MCT Finals: Exciting chess, Nakamura in the lead

by Carlos Alberto Colodro
8/19/2020 – Hikaru Nakamura is one set victory away from winning the Magnus Carlsen Tour Finals against the man himself, world champion Magnus Carlsen. Nakamura won set 5 in Armageddon after winning the second blitz tiebreaker on demand with the black pieces. | Photo: Niki Riga

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A great defender

Back in July 2016, Hikaru Nakamura defeated Magnus Carlsen in a classical game for the first time in his career. Not only had the American never defeated Carlsen, but he also had a terrible score against the Norwegian. As stated in the ChessBase report from that game in Bilbao, “Carlsen played too aggressively and an unimpressed Nakamura countered”. Four years later, it is still Nakamura’s great defensive skills which allowed him to get ahead on the scoreboard against the world champion. Nakamura explained:

I feel that’s one thing I’ve done really well in this match — when I’ve gotten a bad position, I’ve found a way to make a lot of good moves. [...] I think that’s the main difference that has been going on in this match, that I’ve been defending and just always finding the best moves. Frankly, I’ve had a lot of experience with many, many, many bad positions against Magnus, so it’s kind of fitting in a way.

The other big factor has been time management, with Carlsen often spending a long time reflecting on critical — or sometimes not that critical — positions, while Nakamura uses what he dubbed as a ‘semi-Nepo approach’. The American said:

Nepo, when it comes to rapid games especially, he doesn’t always play the best moves, but he plays moves where he gets ahead on the clock. [...] I know with all of us, myself included, it’s very uncomfortable.

The approach has been working out for ‘Naka’, who is a set victory away from defeating the world champion in what has so far been a thrilling matchup. An eventual triumph would only add to Nakamura’s success in the last semester, as he recently got over 500k followers on Twitch, a testament to his incredible work ethic and good rapport with the fans.

Magnus Carlsen Tour Finals 2020

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Nakamura 4 : 3 Carlsen

The first set of the final to reach Armageddon was also the first one in which all four rapid games finished drawn. Nakamura started the day playing white and was in deep trouble after missing Black’s unexpected pawn push on move 40:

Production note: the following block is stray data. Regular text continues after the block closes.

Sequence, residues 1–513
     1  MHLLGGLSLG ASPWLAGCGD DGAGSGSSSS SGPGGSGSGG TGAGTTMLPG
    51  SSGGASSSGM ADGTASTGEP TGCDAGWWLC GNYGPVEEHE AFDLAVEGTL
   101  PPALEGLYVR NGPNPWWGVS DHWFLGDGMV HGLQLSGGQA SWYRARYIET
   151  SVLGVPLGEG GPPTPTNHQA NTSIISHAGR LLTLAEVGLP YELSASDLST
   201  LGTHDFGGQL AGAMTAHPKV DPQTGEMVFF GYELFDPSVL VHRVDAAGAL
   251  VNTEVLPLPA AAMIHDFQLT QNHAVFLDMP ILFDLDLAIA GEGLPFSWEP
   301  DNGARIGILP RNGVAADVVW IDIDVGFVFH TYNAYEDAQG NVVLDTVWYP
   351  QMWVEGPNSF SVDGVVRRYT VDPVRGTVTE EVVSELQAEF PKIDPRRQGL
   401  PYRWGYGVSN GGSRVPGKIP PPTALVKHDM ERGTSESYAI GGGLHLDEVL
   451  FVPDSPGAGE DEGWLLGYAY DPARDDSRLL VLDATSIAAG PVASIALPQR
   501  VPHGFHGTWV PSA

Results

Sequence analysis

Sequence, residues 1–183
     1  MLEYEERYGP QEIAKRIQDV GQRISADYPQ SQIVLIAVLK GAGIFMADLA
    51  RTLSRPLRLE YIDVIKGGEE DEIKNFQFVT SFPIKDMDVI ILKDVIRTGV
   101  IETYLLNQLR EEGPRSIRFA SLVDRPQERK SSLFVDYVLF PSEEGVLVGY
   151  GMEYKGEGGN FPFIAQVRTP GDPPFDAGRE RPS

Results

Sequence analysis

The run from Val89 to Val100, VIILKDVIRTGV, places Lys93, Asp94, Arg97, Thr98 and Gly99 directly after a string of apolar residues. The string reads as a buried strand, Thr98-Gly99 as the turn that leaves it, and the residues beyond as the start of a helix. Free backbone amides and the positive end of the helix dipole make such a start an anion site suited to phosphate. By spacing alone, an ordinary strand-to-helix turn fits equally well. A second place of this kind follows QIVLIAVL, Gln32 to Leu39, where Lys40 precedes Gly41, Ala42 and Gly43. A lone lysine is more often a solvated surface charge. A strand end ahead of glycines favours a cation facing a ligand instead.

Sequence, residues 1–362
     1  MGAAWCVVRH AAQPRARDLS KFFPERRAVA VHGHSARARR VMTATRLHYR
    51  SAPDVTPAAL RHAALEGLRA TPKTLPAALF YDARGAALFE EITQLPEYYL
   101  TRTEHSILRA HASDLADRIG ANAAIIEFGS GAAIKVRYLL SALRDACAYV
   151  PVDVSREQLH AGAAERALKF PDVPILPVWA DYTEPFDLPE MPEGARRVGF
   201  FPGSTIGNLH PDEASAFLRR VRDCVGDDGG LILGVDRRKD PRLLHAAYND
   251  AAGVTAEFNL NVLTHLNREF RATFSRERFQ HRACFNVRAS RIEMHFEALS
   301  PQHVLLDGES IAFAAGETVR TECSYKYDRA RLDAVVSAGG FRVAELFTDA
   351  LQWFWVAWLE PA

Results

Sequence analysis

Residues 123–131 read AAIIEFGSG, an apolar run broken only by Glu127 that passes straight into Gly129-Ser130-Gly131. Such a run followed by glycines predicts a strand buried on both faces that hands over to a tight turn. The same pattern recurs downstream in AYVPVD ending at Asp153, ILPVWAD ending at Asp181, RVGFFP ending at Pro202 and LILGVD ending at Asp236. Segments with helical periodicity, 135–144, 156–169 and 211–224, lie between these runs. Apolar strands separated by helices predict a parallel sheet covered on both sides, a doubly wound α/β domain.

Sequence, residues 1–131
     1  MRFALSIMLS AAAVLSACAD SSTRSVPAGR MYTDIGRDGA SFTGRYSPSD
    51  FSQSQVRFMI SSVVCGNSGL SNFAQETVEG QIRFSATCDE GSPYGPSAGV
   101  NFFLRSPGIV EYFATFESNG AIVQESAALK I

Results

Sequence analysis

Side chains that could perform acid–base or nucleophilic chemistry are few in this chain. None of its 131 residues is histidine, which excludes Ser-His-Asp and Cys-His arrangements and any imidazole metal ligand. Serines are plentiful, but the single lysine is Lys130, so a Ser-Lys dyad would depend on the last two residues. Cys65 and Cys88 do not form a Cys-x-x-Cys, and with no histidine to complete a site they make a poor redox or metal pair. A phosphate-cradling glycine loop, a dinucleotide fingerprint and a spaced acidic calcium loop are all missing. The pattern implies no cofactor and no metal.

Commentators Leko and Seirawan were both as surprised as Nakamura when Carlsen played the strong 40...g5+ — White cannot capture with 41.Kxg5 due to 41...Qh6+ 42.Kf5 g6+, while after 41.hxg5 Qe4+ the king is forced to escape to g3 instead of getting counterplay by going to g5, which is now occupied (that is why 40...g5+ was strong).

As mentioned above, Nakamura continued to defend as accurately as possible under the circumstances, posing problems to his opponent at every turn until saving a half point on move 54.

The remaining three draws were quite balanced.

In the first blitz tiebreaker, Carlsen showed he wanted to get away from long theoretical battles by playing the Alekhine Defence. Nakamura faltered out of the opening, but desperately tried to drum up counterplay against the black king. On move 28, he missed a chance to equalize the position:


Instead of 28.Rd3, White could have gone for the forcing 28.Bxg6 fxg6 29.Qxg6 Qf7 30.Qg5, and in case of 30...exd5, White can bring the knight to the attack with 31.Nd4 (the move Nakamura missed) and get enough firepower to force a draw by creating threats against Black’s king. Once this opportunity passed by, Nakamura never got chances to stop his opponent from winning the game.

All that Carlsen needed was a draw. Nakamura, as in his younger days, played the King’s Indian Defence and managed to get an imbalanced position in a must-win situation. Carlsen was not very accurate during the middlegame and allowed his opponent to get a strong pawn centre and the initiative. The world champion’s crucial mistake came on move 50:


50.f4 allows the forcing 50...Rg1+ 51.Kd2 Be3+ 52.Kxe3 Rxc1 53.fxe5 Re1+ 54.Kf3 Rxe5 and Black has a winning rook endgame two pawns up. Nakamura converted and took the set to Armageddon.

In the sudden-death decider, Nakamura quickly got the upper hand, at least insofar he showed he knew exactly how to face Carlsen’s opening choice and took away all of White’s one-minute advantage on the clock. The world champion never got any winning chances and ended up losing the game in 53 moves.



Carlos Colodro is a Hispanic Philologist from Bolivia. He works as a freelance translator and writer since 2012. A lot of his work is done in chess-related texts, as the game is one of his biggest interests, along with literature and music.


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